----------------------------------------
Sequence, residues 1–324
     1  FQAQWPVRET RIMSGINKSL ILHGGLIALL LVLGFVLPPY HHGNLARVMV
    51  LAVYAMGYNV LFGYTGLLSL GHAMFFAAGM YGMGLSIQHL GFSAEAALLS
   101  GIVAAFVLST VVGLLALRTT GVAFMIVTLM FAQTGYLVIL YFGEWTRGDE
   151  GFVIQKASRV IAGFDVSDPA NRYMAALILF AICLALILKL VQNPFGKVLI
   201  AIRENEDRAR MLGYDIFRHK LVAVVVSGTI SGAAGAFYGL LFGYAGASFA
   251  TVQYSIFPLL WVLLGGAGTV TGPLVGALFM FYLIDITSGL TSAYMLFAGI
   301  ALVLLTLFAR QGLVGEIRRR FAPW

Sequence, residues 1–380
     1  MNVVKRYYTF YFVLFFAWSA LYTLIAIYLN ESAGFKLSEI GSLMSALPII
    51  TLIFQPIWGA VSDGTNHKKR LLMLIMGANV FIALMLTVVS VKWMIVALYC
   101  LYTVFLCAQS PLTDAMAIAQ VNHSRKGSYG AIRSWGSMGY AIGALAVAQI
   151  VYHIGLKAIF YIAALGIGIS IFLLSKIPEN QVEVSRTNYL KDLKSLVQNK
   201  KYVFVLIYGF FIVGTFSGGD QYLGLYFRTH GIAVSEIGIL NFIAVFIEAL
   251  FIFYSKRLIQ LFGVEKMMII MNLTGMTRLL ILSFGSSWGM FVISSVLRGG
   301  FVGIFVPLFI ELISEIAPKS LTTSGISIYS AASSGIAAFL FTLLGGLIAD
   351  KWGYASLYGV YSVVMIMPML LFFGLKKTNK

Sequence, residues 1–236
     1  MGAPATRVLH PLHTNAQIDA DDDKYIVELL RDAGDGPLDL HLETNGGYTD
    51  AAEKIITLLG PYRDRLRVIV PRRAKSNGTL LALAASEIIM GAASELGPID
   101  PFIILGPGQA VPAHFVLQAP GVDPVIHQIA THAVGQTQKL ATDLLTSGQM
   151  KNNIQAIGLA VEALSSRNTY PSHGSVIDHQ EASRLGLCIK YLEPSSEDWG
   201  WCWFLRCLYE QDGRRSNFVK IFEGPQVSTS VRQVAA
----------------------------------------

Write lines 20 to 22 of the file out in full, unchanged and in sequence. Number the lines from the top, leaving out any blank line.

    51  AAEKIITLLG PYRDRLRVIV PRRAKSNGTL LALAASEIIM GAASELGPID
   101  PFIILGPGQA VPAHFVLQAP GVDPVIHQIA THAVGQTQKL ATDLLTSGQM
   151  KNNIQAIGLA VEALSSRNTY PSHGSVIDHQ EASRLGLCIK YLEPSSEDWG